Control of the degree of orientation in the axial and radial directions may be achieved by various means in straight blow molding or injection-blow molding processes. In either case a tubular preform is shaped at a relatively high temperature whereat the plastic is in a relaxed relatively unoriented condition. The tubular shape in these systems approaches that of the finished article when the latter is a container such as a bottle or a can, and only final expansion of the preform is required to finish form the article. By regulating the length of the parison or preform with respect to the height of the finished article, or with respect to the height of the mold cavity which defines the article during final expansion, the amount of orientation in the axial direction with respect to that in the transverse or radial direction can be fairly accurately controlled.
However, injection and extrusion blow molding techniques have some serious disadvantages when compared with the technique of thermoforrning from sheet material. More specifically, injection molding requires the generation of unusually high pressures and consequently temperatures in order to force the thermoplastic into relatively narrow cavities which are equivalent to or approach the desired article wall thickness. Aside from the heavy equipment required, the rather severe processing conditions tend to degrade high nitrile group containing polymers or, put another way, such materials tend to be too stiff in flow at acceptable processing conditions to force into such confined spaces. With straight extrusionblow molding (as well as injection molding) systems, output is limited to the extent that only one or two articles may be simultaneosuly formed from a parison portion, Whereas a great many articles, e.g. up to 50, may be formed from sheet material in an approximately equivalent time when a suitable number of cavities are provided. Since the temperature of the sheet need only be great enough to permit forcing it through the open mouth of a die cavity, the severe processing conditions and heavy equipment inherent in an injection molding system are avoided. However, to form a deep article, such as a bottle or can, from a sheet of high nitrile group containing thermoplastic which has relatively balanced molecular orientation therein, has heretofore been a problem. This was so, because, unlike blow and injection molding techniques, a preform must be shaped from a flat, planar sheet by forcing the latter a substantial distance into the die cavity such that the amount of orientation in the axial direction in the finished article was always substantially greater than that in the other direction. This of course acts as a detriment when the container is to be used, for example to contain pressurized materials where high strength in all directions is required, and/or where, for example, a closure must be applied to the container by a high axial load producing capping head.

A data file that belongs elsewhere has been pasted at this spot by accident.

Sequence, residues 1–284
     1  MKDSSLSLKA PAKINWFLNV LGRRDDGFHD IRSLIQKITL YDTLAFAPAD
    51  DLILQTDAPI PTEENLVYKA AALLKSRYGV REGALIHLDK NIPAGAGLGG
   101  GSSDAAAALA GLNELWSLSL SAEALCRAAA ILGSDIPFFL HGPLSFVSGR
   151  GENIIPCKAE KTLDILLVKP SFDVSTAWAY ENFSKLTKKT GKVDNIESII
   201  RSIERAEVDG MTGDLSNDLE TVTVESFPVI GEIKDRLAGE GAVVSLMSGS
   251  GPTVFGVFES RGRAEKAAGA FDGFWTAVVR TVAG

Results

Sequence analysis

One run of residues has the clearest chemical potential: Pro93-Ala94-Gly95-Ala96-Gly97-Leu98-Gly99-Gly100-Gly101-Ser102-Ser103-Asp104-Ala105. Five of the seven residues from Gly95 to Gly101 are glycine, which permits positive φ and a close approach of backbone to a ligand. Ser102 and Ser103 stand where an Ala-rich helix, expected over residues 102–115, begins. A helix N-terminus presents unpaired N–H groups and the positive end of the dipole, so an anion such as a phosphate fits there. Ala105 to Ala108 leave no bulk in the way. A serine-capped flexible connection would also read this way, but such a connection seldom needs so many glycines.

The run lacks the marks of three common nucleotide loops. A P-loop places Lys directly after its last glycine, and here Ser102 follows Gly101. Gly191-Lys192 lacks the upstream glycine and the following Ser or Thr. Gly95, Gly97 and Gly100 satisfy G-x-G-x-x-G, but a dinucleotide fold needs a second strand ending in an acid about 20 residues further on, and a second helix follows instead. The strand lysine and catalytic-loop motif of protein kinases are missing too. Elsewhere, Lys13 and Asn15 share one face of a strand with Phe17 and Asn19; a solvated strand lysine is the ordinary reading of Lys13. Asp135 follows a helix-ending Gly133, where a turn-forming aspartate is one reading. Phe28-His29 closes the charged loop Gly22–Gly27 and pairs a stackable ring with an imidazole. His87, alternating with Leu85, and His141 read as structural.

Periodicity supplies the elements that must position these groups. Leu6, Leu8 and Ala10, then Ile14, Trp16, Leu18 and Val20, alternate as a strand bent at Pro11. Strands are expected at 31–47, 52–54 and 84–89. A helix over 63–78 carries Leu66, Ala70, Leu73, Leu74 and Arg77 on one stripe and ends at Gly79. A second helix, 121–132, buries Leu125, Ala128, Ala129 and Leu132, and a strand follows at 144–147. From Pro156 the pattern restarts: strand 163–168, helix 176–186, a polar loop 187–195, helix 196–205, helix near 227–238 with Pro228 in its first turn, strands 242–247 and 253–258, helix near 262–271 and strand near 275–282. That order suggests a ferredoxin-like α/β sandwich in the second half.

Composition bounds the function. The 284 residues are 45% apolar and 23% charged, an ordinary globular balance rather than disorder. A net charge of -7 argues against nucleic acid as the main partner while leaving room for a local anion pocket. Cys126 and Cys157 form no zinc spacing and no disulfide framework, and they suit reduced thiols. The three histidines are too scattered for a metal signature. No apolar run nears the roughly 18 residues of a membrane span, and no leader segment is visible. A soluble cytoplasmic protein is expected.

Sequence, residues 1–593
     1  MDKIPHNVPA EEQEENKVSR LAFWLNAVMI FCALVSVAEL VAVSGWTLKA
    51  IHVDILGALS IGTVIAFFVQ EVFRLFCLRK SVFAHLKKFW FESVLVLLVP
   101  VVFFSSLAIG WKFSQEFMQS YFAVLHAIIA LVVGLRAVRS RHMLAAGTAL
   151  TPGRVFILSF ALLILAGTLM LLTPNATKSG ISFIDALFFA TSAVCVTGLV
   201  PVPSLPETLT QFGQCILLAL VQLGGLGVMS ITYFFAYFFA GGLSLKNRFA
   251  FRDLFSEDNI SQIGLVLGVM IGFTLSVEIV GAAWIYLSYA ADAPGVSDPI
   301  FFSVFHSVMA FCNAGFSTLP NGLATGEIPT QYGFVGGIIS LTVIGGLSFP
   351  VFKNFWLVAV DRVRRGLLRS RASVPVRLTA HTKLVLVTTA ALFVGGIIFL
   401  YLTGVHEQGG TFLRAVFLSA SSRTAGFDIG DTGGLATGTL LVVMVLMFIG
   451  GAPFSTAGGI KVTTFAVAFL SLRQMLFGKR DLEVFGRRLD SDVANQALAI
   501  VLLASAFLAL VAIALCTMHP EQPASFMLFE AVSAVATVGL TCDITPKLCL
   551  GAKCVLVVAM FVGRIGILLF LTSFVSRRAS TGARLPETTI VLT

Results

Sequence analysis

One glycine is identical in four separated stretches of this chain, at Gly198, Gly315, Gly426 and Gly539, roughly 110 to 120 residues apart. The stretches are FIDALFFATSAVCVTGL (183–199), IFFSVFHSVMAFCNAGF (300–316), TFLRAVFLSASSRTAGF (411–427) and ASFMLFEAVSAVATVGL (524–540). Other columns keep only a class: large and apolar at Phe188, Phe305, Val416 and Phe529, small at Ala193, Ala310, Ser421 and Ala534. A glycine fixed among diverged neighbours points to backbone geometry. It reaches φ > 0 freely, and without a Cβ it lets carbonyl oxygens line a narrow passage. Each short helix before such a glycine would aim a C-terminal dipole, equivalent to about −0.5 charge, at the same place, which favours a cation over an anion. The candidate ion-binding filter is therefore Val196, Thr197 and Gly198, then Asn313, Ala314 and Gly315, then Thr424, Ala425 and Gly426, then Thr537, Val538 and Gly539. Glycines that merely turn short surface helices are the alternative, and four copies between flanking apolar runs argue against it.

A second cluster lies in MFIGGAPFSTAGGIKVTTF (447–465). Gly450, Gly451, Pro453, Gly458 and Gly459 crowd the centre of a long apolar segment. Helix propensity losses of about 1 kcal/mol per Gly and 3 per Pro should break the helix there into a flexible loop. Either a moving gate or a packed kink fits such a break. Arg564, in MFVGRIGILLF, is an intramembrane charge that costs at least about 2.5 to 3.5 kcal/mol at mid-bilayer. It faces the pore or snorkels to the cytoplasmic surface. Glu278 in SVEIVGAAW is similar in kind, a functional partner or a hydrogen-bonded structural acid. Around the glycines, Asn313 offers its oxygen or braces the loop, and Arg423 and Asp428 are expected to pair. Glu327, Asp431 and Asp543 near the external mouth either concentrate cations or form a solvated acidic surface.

One approach toward overcoming this problem of unbalanced molecular orientation when forming containers from sheet thermoplastics of the aforementioned variety is to shape the sheet at a sufficiently high temperature such that orientation stresses in the axial direction are not retained therein. However, when the thermoplastic sets, the undesirable, inherent brittle characteristic of the material is still present. Yet another alternative would be to change the resin formulation to make it more pliable in order to offset the considerable axial orientation developed during drawing, but this requires additional steps in the resin forming process and, in any event, the modifier may render the resin deficient in other characteristics such as color, or it may adversely alfect the flavor or taste of the contents.
SUMMARY OF THE INVENTION Now, however, there has been discovered a novel technique for shaping relatively deep articles from sheet thermoplastic, the major constituent of which is a high nitrile group containing polymer, wherein the articles have much more balanced molecular orientation therein than that attainable according to prior art techniques.
Accordingly, it is an object of this invention to provide a modified and improved plug assist method of forming deep articles from thermoplastic sheet material comprising a high nitrile group containing polymer, high meaning a level of at least 60 percent by weight of a polymer formed from a nitrile group containing monomer.
Another object of this invention is to provide a method of forming tubular, relatively thin wall containers, from high nitrile group containing thermoplastics in sheet form which have high strength both longitudinally and transversely.